CEDAR RAPIDS - There was a noticeable face missing from the Cedar Rapids Rampage bench Saturday night.
First-year Rampage player-coach Jonathan Greenfield was fired on Thursday, club general manager Chris Kokalis announced after Cedar Rapid ... »
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A few hours after the Iowa Hawkeyes football team has played Rutgers Saturday afternoon in Piscataway, N.J., the New Jersey Hawkeyes will begin play about 11 miles from Rutgers’ stadium.
Those Hawkeyes call Vince Lombardi Memorial Stadium in Palisades Park their home. That’s almost in the shadow of the George Washington Bridge, about 40 miles from Piscataway. But Saturday, they will be the visiting team as they take on the New Jersey Bravehearts in Edison.
It’s a game in a league called Major League Football, but it involves two members of a 24-team minor league that has most of its teams in New Jersey and New York.
The Hawkeyes are 6-0 in their first season, and have outscored their opposition 181-28. They own two wins over the New Jersey Vikings, and single triumphs against the New Jersey Longhorns, the Naugatuck River Dawgs, the Trenton Capitals, and the New Jersey Black Devils.
The Bravehearts have a four-game winning streak of their own, so Iowa-Rutgers won’t be the only spirited football tussle Saturday in Middlesex County.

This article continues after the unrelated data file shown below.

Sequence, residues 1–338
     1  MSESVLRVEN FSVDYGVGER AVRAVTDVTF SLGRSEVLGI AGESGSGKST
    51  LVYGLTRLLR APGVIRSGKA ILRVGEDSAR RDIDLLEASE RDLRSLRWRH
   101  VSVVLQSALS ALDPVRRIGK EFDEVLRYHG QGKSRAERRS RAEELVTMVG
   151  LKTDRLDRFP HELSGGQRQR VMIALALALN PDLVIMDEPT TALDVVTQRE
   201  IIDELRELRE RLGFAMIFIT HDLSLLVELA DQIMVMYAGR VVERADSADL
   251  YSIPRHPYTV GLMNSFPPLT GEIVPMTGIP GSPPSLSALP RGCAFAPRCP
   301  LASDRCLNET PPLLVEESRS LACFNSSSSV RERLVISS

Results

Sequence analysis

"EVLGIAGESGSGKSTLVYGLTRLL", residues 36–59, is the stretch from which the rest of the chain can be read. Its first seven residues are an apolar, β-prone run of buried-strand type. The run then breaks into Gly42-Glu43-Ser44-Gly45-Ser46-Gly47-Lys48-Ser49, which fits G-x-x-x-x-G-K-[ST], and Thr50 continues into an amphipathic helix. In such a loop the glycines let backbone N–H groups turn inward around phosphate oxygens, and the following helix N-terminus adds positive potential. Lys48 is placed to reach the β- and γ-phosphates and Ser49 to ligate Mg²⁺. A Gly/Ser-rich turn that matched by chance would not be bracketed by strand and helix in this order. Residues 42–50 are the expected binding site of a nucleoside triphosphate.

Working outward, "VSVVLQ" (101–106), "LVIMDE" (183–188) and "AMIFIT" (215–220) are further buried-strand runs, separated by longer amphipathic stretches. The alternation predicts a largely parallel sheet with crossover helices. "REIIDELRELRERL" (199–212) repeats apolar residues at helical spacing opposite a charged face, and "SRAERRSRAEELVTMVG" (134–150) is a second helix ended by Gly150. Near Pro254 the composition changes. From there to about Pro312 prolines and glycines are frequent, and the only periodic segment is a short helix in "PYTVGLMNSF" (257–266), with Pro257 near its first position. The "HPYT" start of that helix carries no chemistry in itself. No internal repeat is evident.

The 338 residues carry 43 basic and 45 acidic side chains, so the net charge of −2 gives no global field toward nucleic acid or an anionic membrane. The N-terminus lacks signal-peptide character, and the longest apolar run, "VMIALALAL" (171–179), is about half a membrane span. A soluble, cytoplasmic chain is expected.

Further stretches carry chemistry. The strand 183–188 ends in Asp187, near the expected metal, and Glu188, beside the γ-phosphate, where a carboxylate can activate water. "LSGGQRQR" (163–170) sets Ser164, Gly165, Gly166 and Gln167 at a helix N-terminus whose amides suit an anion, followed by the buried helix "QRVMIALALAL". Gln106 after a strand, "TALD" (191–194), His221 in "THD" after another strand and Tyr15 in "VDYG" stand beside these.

So, why are the New Jersey Hawkeyes the Hawkeyes?
“I wanted an effective name, I wanted something impactful,” said Hawkeyes founder/owner Luis M. Matos. “No one here had ever used that name.
“I respect what the Iowa team did this past season coming where they were in the Big Ten. So I said ‘That’s it!’ It was like an epiphany. God was knocking on my head. ‘Hello, that’s your name right there.’ … I just felt it.”
Matos’ Hawkeyes share Iowa’s colors. “Black and athletic gold,” he calls it. But his franchise has its own variation of a fierce-looking hawk in its logo. So, University of Iowa, you have no lawsuit potential there.
Not that there’s any real money in what Matos is doing, anyway. His team is not-for-profit organization. Ticket prices are low. Players play because they want to keep playing. There’s no leaping from Major League Football to the real major leagues of football, even though Palisades Park is less than a 10-mile drive from East Rutherford’s MetLife Stadium, the home of the NFL’s Giants and Jets.
Matos’ Hawkeyes are almost all New Jersey natives, lots of players from Jersey City and Newark and East Orange and Bayonne.
“We have a few former Division I stars,” Matos said. “We have a wide receiver who came out of Utah State. We have guys who played college football. We have everything across the board. We have a Division II All-American lineman.
“We also took in a few guys who haven’t played since Pop Warner, never played in high school, but are working so hard.”
Matos said he has assembled his franchise because “I coached for parts of four seasons in South Plainfield (with the Central Jersey Vikings). I felt like I needed to pursue my dream and start my own organization. I did it so players I knew had a home team that was closer to their home.”
Oh, Matos also is a dialysis patient.
“That hasn’t stopped me from doing this,” he said. “I just keep trying to push the envelope while following what the doctors say. I’m hoping to create a little success, open some doors, open some eyes.”
The Hawkeyes and the Bravehearts duking it out in Edison. New Jersey is an interesting place.